Earlier this year Mayfield and Easthouses Development Trust (MAEDT) and Social Farms and Gardens Scotland made the most of those quiet winter lockdown months. They worked together to develop and build a low-cost open-source design for a shelter. Our Scottish climate can’t always be relied on to stay warm and dry so a shelter is an essential bit of kit for outdoor activities. We were delighted to help the project along as throughout the pandemic we’ve been hearing how more people have been taking their activities outdoors and we are keen to support them to get outside.

The open-source aspect of the project means we can share the design and construction with other groups across Scotland. The basic idea was to keep people dry and out of the wind with something relatively flexible that could be moved and added to over time. It is sturdy enough to withstand the Scottish weather, but a team of volunteers is able to move it.

Why did they need a shelter?

The work is part of the Green Hub pilot at the Pavilion garden engaging the community in gardening and social activities and raising awareness of climate change action. The garden needed the shelter to be able to host activities for a variety of local community groups including schools and playgroups who seek to move some activities outdoors to remain operational but require some form of outdoor shelter to be able to plan irrespective of rain, wind or shine!

The shelter has proved invaluable and has been a hub of activity. It was used by Rainbows, Scouts, Brownies, families at Stay and Play sessions, the Wheelbeing Hub sessions (a bike fixing project), Artlink Scotland (for boxing/self confidence sessions with a young person) and volunteer gardeners who were busy re-building and sorting the garden ready for the new season.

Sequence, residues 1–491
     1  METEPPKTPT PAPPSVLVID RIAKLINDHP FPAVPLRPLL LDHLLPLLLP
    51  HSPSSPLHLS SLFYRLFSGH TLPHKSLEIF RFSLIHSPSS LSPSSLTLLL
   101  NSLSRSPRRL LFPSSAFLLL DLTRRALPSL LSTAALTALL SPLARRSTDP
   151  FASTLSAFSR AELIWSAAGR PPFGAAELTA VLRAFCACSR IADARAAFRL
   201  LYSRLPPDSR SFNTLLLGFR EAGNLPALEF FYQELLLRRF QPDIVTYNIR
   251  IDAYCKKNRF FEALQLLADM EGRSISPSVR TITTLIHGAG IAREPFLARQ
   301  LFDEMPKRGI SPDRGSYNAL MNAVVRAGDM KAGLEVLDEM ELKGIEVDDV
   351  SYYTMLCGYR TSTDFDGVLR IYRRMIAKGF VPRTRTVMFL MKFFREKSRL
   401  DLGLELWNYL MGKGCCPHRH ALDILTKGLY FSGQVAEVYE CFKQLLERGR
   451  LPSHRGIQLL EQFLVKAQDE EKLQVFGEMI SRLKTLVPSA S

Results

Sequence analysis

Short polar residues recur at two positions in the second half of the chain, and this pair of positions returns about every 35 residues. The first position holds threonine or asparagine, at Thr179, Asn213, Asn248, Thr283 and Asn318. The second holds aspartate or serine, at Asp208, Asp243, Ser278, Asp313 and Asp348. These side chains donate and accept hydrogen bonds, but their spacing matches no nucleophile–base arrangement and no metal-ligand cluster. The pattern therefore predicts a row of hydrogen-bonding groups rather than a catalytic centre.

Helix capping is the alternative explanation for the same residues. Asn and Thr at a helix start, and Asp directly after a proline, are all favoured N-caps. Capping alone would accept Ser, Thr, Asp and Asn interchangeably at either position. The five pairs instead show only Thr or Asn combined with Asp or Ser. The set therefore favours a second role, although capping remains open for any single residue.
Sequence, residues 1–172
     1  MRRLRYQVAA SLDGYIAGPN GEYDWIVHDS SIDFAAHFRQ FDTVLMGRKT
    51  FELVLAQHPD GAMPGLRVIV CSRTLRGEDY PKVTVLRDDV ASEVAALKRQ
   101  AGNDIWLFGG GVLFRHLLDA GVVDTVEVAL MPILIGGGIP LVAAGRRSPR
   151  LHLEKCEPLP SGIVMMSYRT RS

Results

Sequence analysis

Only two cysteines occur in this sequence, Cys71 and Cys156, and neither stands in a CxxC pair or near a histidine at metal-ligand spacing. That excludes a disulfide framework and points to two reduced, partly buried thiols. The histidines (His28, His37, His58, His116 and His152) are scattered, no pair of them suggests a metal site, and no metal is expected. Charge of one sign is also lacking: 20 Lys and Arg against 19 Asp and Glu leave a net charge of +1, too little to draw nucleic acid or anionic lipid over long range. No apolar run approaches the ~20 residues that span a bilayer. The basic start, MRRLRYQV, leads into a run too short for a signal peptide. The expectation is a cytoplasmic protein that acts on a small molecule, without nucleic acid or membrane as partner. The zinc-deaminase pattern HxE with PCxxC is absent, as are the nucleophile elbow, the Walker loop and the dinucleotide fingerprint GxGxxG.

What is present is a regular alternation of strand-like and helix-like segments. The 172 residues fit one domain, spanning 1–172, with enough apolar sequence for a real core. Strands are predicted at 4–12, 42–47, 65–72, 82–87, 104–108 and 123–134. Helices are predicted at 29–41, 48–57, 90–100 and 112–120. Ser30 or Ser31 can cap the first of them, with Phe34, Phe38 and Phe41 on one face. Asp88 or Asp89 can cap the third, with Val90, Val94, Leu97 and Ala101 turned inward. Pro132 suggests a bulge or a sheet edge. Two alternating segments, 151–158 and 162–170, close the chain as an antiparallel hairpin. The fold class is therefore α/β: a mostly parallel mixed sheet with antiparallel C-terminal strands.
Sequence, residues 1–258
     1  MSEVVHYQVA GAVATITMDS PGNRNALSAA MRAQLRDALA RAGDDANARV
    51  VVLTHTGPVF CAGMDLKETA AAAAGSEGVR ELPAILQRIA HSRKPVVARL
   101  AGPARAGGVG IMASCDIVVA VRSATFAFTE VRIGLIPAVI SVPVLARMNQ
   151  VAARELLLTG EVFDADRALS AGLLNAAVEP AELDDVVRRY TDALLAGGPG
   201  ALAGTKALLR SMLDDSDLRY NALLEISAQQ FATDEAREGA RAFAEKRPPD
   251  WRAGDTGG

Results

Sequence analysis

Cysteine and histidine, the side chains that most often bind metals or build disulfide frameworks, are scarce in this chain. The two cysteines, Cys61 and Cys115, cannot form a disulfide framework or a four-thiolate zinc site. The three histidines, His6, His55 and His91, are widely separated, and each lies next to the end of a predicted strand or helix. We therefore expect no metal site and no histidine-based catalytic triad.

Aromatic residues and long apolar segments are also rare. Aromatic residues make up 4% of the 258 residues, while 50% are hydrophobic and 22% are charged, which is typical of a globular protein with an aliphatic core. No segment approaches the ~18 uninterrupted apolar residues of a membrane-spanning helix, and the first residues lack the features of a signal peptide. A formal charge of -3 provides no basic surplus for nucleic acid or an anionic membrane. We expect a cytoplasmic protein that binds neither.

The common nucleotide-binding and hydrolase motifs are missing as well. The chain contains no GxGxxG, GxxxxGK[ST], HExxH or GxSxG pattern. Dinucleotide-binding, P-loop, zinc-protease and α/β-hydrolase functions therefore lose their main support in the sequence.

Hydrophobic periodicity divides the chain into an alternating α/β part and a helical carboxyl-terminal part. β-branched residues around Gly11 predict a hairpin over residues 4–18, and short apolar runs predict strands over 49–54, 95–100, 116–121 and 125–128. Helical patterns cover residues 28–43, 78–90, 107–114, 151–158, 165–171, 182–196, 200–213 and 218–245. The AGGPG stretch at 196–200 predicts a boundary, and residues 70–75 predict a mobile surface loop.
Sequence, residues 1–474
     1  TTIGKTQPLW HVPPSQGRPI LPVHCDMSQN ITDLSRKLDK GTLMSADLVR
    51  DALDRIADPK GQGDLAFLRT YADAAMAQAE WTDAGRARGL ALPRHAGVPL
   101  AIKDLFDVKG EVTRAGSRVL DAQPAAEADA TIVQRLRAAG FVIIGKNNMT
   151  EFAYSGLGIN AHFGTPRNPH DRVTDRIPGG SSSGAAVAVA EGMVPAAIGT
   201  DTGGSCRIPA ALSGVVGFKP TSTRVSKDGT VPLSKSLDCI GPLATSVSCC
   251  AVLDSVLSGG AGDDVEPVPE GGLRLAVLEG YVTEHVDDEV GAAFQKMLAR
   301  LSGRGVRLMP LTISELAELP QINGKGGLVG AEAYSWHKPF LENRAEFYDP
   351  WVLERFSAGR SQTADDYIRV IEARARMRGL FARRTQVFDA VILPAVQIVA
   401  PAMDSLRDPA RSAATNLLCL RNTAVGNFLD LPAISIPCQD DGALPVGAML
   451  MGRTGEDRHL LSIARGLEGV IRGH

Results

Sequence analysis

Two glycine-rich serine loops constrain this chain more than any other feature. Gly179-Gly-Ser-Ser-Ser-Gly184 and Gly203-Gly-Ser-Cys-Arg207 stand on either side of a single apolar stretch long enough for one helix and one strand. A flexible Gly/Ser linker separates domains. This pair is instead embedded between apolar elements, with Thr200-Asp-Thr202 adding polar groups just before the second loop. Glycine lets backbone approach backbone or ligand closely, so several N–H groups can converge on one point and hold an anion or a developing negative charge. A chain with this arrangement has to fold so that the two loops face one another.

The big benefit of the shelter is that they have been able to be open consistently (even if limited) during lockdown and beyond. Groups and individuals have a safe and sheltered outdoor space to meet in, work in, play in and learn in.  The shelter has really boosted the useability of their garden throughout the pandemic and is going to come into its own again during winter as it will help to extend our outdoor activities and work in the garden. 

Future developments

The shelter is just part of the development of their outdoor space. Once the initial garden work is completed they plan to connect with the growing network of community gardens in the Midlothian area to share resources and ideas. Not that there is a shortage of good ideas, their future plans include the development of a children’s play area, raising funds to install a Keder greenhouse to offer more protected growing options, building a central raised bed area and planting a multi stemmed white birch for reflection and ‘wish’ messages on special occasions.

Open-source design

So if you are in need of a bit of kit that welcomes folk in and encourages more use of your outdoor space then this could be just what you are looking for. The shelter is much more than just a structure with a transparent roof and removable sides – it’s a gathering place, a spot where connections are made, skills are learnt and conversations are had.

Take a look at the detailed design guide. The materials used are suggestions that all could be substituted to suit needs and specifications.

Shelter Build Guide

Better Outside resources

For lots of other inspiring ideas for activities, equipment and structures to get you outdoors look at our other Better Outside resources too.

Better Outside resources

Thanks to the National Lottery Heritage Fund for supporting greenspace scotland’s Better Outside – Using Our Spaces More project. This funding allowed us to work with Mayfield and Easthouses Development Trust and Social Farms and Gardens Scotland to produce technical drawings of the shelter design and make it freely available as open source.